Whenever I opt to make steaks for dinner I have an ulterior motive: creamed spinach. It's not written in stone that all steaks must be served with a side of creamed spinach, steakhouse-style, but in my mind that's the way it goes. My go-to is a quick version with shallots softened in butter and quick steamed spinach finished with nutmeg and cream, but while it's always great, it's missing that rich Béchamel quality that you get at a real-deal steakhouse.
This recipe for Classic Creamed Spinach from Nigel Slater's Tender: A Cook and His Vegetable Patch showed me exactly what my spinach was missing: a roux. Slater begins his creamed spinach by infusing milk with black peppercorns, bay leaf, and an onion. The milk is simmered and added to a mix of butter and flour, then whisked into a very thick, creamy roux. Spinach, cream, and nutmeg are incorporated at the very last minute, resulting in the kind of creamed spinach that you'd order at a steakhouse that's been around for longer than you have.
As always with our Cook the Book feature, we have five (5) copies of Tender to give away this week.
Reprinted with permission from Tender: A Cook and His Vegetable Patch by Nigel Slater. Copyright © 2009, 2010. Published by Ten Speed Press, a division of Random House, Inc. Available wherever books are sold. All Rights Reserved.
- Yield:makes 4 servings
- Active time: 20 minutes
- Total time:20 minutes
- 1 1/4 cups (300ml) milk
- A small onion, peeled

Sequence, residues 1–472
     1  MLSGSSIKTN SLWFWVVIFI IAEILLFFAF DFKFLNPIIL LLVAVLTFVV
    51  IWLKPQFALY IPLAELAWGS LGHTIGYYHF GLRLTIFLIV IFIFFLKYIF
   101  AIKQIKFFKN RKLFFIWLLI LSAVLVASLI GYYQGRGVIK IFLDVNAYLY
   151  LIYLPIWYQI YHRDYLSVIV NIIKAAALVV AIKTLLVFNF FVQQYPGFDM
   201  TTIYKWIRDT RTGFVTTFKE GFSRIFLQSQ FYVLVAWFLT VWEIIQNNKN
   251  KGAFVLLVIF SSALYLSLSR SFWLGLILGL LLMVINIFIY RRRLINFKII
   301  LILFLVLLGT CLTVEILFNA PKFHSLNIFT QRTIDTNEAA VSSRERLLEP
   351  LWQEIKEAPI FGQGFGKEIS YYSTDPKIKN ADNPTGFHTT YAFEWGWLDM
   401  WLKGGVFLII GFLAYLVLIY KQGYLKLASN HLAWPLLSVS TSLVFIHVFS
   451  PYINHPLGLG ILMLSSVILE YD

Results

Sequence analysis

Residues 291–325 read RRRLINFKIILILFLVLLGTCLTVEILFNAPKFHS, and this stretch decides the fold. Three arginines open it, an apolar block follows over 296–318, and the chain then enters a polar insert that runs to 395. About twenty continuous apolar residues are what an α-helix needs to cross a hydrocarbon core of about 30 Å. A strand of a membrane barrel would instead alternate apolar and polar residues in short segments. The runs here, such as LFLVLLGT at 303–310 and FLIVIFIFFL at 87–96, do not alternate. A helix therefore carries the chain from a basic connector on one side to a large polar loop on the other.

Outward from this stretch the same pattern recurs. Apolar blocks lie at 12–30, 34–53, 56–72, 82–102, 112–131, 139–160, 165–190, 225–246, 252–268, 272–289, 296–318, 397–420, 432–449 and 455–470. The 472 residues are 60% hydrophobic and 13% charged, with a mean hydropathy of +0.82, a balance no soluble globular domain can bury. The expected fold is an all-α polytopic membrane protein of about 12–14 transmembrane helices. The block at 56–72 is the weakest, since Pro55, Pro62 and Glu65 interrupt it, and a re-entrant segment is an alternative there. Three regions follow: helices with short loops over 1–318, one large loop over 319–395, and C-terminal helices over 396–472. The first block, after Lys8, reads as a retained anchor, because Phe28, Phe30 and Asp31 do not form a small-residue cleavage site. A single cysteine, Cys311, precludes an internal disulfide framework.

- A bay leaf
- 6 black peppercorns
- 2 pounds (1kg) spinach
- 4 tablespoons (50g) butter
- 6 tablespoons (50g) all-purpose flour
- 4 tablespoons heavy cream
Put the milk in a saucepan with the onion, bay leaf, and black peppercorns. Bring to a boil, then decrease the heat to low and cook for ten minutes for the aromatics to do their stuff.
Discard the very toughest spinach stalks, then cook the leaves in a lidded pan with a film of water in the bottom. They should be tender in just a minute or two, maybe less. Drain and cool under cold running water, squeeze thoroughly but gently to remove most of the water, then chop finely.
Melt the butter in a heavy-bottomed nonstick saucepan, stir in the flour, and cook for a couple of minutes, stirring so that it doesn’t burn. Whisk in the warm milk; you don’t need the aromatics, they have done their work. When the sauce starts to thicken, decrease the heat to a low simmer and let it bubble gently for a good fifteen minutes. An occasional stir, taking care to get right in the corners, will prevent it burning.
Stir in the cream and chopped spinach, then finish with salt, pepper, and a fine grating of nutmeg.